Taunton River Watershed: Things You Can Do Today

15 Things You Can Do Today!

Each of us has an impact on our local water supplies, both in terms of water quality and the amount of water we use (or waste!) in times of drought. Here are 15 simple things you can do to help protect our water quality and conserve water. By taking these actions, you can help ensure that we have enough clean water to meet our needs for generations to come.



1.) Consider phasing out your antibacterial soaps and cleaning products.

During the pandemic, demand for antibacterial cleansers soared. However, most of these contain trichlosan, a registered pesticide that has been found to harm aquatic life. The American Medical Association warns that our use of antibacterial agents may lead to “superbugs” that will be antibiotic resistant. Regular soap and water kill germs just as effectively.

2.) Never flush unwanted or out-of-date medicines down the toilet or the drain.

Find a waste medication kiosk near you, where you can safely dispose of expired or unneeded prescription drugs. Massachusetts maintains a list HERE. If you can’t make it to a kiosk, remove all labels and wrap the products up before disposing in the garbage. If possible, pour water or vinegar in the bottle to destroy pills and make them inaccessible to children.


3.) Safely manage hazardous household products.

Many chemicals, materials, and products commonly found in the home are toxic and can be harmful to your health and our environment, including the local watershed, because they never break down (or take a VERY long time to). Learn how to handle these items with care and recycle or dispose of them responsibly HERE. There is a particular growing concern over perfluoroalkyl and polyfluoroalkyl substances (commonly referred to as PFAS). Products containing PFAS such as teflon, Gore-tex and ScotchGuard should be avoided altogether.


4.) Don’t put anything except water down stormdrains.

These drains carry storm water directly to our local waterways. Storm water that drains to the Canoe River is NOT treated first. Used motor oil, detergents, lawn fertilizers, pesticides, and other contaminants get carried by stormwater to local waterways and cause unnecessary harm. Be sure to keep lawn clippings, leaves, trash, pet waste and bags, and debris out of storm drains too.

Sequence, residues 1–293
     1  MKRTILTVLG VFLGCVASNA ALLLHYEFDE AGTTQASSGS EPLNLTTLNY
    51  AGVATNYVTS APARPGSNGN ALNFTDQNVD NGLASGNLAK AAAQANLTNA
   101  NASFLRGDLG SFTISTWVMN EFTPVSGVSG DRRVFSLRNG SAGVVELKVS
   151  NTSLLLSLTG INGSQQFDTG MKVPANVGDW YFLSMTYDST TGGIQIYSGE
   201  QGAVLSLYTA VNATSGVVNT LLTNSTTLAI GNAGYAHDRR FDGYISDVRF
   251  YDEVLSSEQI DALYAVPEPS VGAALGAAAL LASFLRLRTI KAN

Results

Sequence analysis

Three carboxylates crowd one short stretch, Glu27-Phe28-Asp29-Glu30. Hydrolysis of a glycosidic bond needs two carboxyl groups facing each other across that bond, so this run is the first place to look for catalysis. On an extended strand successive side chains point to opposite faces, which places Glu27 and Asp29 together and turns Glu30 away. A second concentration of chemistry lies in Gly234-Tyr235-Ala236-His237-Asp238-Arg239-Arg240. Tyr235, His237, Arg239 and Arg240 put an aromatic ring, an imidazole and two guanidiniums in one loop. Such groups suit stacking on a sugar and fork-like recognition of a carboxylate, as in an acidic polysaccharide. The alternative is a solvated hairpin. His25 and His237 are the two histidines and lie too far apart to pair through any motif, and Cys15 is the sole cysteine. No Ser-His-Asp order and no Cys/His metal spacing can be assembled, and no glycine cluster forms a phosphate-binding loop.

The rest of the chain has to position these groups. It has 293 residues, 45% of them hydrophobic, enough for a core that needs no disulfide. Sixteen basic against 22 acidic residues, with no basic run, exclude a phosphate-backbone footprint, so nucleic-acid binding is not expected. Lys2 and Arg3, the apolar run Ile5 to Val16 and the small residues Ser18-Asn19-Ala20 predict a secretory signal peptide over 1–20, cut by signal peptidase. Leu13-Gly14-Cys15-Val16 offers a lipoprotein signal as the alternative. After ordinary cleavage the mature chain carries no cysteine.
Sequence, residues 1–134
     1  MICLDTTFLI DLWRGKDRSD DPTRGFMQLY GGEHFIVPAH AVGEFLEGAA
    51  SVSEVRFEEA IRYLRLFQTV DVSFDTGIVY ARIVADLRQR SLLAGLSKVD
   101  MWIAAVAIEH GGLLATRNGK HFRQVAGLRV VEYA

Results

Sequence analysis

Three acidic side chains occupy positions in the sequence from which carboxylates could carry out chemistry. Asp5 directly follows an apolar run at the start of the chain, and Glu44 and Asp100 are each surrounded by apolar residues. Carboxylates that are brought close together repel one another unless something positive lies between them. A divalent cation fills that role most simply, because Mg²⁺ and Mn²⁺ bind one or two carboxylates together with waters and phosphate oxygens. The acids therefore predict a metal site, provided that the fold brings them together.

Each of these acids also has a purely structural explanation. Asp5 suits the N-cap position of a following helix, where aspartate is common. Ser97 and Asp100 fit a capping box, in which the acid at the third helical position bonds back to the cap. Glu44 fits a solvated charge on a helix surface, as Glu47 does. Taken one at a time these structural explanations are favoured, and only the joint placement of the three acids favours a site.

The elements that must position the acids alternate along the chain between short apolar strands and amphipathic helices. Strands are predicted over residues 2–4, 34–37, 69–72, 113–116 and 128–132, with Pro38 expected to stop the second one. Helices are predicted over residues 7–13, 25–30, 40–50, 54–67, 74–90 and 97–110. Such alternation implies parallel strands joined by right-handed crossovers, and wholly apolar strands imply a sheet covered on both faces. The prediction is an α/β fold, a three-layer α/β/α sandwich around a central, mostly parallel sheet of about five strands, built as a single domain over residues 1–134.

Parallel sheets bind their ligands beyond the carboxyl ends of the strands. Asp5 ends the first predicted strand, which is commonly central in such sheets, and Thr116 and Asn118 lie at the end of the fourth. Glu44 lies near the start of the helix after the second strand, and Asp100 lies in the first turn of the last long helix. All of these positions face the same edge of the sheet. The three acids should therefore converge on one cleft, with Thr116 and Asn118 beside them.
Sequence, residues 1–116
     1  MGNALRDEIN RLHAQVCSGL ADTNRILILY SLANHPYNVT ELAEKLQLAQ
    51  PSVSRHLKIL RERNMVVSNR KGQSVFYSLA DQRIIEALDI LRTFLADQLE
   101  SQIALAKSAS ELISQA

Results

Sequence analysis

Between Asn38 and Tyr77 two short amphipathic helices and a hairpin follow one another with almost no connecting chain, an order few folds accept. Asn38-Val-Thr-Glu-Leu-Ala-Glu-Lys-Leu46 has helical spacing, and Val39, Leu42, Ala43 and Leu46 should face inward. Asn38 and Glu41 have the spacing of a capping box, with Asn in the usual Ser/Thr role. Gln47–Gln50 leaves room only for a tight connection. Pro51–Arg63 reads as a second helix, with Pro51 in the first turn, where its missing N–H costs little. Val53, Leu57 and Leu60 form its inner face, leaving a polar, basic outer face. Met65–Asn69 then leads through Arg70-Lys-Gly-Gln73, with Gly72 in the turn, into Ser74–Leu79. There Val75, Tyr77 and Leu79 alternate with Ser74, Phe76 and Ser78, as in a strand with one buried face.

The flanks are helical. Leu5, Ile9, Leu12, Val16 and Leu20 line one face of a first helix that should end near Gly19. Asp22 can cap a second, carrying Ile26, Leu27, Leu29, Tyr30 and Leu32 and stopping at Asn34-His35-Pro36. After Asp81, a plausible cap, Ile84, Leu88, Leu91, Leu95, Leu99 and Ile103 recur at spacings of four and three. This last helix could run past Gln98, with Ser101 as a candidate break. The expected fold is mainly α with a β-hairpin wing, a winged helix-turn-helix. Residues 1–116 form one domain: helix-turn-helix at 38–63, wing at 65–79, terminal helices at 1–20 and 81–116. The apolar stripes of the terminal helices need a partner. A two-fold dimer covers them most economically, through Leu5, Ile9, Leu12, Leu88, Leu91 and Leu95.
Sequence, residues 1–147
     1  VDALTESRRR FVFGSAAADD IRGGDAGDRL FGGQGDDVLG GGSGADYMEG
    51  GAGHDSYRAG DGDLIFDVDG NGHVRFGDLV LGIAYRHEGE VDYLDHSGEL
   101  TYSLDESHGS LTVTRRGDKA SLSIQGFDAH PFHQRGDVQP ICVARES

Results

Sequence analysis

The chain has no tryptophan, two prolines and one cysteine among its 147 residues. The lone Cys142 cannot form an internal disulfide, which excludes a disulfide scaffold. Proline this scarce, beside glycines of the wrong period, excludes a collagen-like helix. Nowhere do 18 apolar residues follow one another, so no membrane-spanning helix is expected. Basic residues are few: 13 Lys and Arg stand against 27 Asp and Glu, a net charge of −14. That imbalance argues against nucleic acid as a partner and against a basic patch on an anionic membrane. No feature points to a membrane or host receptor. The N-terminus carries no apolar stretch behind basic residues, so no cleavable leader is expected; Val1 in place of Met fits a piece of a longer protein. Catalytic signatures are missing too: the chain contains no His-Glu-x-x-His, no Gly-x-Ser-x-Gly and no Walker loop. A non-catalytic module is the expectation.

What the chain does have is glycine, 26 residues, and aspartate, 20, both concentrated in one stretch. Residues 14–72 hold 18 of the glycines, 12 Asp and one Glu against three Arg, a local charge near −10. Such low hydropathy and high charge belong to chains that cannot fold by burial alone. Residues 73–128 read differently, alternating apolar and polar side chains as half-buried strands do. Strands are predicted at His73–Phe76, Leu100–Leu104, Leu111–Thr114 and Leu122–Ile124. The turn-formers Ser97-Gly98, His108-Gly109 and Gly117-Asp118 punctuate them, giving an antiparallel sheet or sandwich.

5.) Take care of your vehicles.

Fix leaks that drip from your car or other mechanical equipment (like lawn mowers) and put down a liner in your driveway to collect oil and other materials. These leaks and drips contribute to stormwater pollution. Also, consider washing your car at a carwash with water recycling, rather than washing it on your driveway.


6.) Avoid using pesticides or chemical fertilizers.

They pose a serious threat to your health and safety and pollute both ground and surface water. If you must use them, use only the minimum amount necessary and be sure to properly store materials to avoid leaks. Consider alternative ground cover to lawns that require less water and chemicals or let a portion of your lawn grow wild. Also consider integrated pest management strategies instead of using pesticides.


7.) Choose non-toxic household products whenever possible.

The best way to keep from polluting is to use products that are not dangerous to the environment in the first place. For some suggestions of such alternatives, visit HERE.


8.) Pick up after your pets.

Like other contaminants, pet waste can run down the storm drains, spreading bacteria.

garden photo- martin unsplash

9.) Minimize pavement and maximize plantings on your property.

The more pavement there is, the more rainwater will simply run off to storm drains, picking up pollutants on the way, causing flooding, and exacerbating drought. Allowing water to soak into the ground can prevent flooding, recharge groundwater supplies, and dilute contaminants. Planting native plants and trees that do not require much water also helps save our precious supplies and keep our groundwater clean.


10.) Protect water bodies on your property.

Do you have a pond, river, stream or wetland on or adjacent to your property? You can make a huge impact on water quality and habitat if you stop mowing and let the areas next to the water bodies and wetlands “re-wild” with a vegetated buffer. In general, the wider the buffer the better, but even a buffer as small at 20 feet can make a difference. Fertilizers and pesticides should be minimized in these areas or not used at all. The SNEP Network The SNEP Network has a buffer restoration guide available for more information.

11.) Plant rain gardens to filter polluted runoff.

To learn more about creating rain gardens for your yard, visit HERE. Direct your downspouts to your rain gardens, grass, or other soft ground, and away from pavement. Consider pairing your rain garden with a rain barrel.

12.) Upgrade your shower heads.

Install water-efficient shower heads. They’re inexpensive, easy to install, and can save you hundreds of gallons of water a month.

13.) Maintain your Septic System.

Have the system inspected and pumped every 3 to 5 years. Learn more about proper septic system maintenance HERE. When it’s time for a new system, consider one that removes more nitrogen than a standard system.

14.) Recycle yard waste

Recycle yard waste and food scraps in a compost pile and use a mulching mower. Learn more HERE.

15.) Keep informed.

Make sure you receive your annual drinking water quality report from your water provider (also known as a Consumer Confidence Report). If you pay a water bill directly, you should receive it automatically each year. If you rent or live in a condo, you can call your local water provider and ask for a copy to be sent to you.